Around the world, nearly seven million people die of coronary heart disease every year. And despite the continuing advancements in surgery, diagnostic techniques, and pharmaceutical interventions, that number keeps going up.
“I’ve fallen and I can’t get up!” If you’re an older woman who dreads experiencing that TV commercial as a real-life drama, you’re not alone. In today’s video, Dr. Sarah Brewer and Margaret Manning share insights into why losing our balance and falling after 60 is such a problem for us – and tips to prevent it. Read on and don’t forget to watch the video!
Several weeks ago, a woman commented on an article I’d done about getting older vs. getting old. She told a story about taking a bad fall over a concrete curb, sitting there for a few moments, and then moving on.
No matter our age, it’s hard not to think about how 5 or 10 fewer pounds might make us happy. It can mean the difference in a dress size. It can be a boost to self-esteem.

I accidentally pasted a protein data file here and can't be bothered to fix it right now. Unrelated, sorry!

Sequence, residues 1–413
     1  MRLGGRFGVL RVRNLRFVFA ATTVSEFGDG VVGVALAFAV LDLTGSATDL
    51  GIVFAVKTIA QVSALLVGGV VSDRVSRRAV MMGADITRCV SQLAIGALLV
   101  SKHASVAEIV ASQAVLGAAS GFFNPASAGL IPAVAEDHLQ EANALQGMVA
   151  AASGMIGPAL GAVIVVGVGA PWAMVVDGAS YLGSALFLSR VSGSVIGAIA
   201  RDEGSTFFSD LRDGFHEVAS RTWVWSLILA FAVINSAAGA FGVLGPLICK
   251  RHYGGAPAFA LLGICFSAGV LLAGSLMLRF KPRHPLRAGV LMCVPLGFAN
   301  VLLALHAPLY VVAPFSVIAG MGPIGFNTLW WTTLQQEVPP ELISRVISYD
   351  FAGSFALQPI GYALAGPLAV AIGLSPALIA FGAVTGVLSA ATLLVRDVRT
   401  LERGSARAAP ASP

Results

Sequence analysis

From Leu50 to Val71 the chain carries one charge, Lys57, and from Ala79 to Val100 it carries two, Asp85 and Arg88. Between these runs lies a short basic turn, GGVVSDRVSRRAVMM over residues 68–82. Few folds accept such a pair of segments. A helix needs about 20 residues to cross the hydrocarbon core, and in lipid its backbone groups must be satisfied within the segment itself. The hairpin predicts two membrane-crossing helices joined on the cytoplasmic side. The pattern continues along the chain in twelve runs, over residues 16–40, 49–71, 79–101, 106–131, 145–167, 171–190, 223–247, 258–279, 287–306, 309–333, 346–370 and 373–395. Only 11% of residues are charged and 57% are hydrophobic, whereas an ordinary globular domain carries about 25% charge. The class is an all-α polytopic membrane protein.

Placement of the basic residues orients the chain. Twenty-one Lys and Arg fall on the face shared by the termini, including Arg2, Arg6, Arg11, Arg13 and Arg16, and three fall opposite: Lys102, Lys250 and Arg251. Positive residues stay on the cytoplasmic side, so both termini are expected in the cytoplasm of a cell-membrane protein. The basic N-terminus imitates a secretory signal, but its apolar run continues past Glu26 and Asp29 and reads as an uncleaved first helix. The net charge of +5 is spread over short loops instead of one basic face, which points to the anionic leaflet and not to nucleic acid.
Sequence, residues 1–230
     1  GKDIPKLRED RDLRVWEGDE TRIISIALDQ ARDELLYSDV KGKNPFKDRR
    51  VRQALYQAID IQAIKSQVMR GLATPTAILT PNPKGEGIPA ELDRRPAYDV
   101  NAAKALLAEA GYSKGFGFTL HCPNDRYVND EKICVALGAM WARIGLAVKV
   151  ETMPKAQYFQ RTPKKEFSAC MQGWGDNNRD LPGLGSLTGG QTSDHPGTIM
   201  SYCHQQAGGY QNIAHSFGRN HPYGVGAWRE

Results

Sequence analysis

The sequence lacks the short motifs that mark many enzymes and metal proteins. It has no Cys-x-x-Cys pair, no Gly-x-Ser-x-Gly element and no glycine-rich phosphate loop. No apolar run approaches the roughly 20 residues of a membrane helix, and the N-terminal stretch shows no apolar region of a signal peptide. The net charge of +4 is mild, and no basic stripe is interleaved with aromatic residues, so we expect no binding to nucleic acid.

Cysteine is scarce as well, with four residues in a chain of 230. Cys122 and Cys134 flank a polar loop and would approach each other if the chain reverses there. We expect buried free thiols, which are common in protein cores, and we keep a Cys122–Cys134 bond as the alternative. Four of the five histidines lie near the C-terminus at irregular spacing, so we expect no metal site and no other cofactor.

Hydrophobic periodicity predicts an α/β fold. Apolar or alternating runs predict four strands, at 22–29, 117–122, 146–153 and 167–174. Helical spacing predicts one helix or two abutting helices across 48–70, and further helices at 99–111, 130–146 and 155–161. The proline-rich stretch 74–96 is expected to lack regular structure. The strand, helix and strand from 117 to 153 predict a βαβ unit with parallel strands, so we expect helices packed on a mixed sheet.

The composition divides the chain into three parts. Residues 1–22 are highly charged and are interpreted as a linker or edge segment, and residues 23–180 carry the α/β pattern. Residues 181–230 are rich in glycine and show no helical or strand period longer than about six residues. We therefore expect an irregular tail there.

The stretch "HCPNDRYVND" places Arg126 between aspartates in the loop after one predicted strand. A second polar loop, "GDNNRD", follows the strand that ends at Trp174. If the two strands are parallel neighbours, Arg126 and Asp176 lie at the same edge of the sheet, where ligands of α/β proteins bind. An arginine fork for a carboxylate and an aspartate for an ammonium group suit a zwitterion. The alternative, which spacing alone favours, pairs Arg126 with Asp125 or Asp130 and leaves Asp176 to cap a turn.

Osteoporosis is a bone disease in which the density and quality of bone is reduced. According to the International Osteoporosis Foundation, osteoporosis affects 200 million women throughout the world.
When you’ve had a mentally stressful day, a warm bath is a fabulous way to unwind. Some days you may have pushed your body a bit too much overdoing it in the yard, trying to keep up with the grandkids at the park, or engaging in a new activity your muscles weren’t used to.
My 60th year has been the busiest of my life. Before it’s over, I will have moved twice, put the heat to a back-burner passion, refreshed important friendships, picked up a new musical instrument and increased my income by improving my habits.
I’ve always had a sneaking suspicion that some people were more “cut out” for exercise than others. At school there were those who loved Physical Education lessons and those who dreaded them.
“You have to meet Miss Fiona!” my friend gushed, knowing my passion for celebrating dynamic, thriving seniors. “She’s truly amazing!”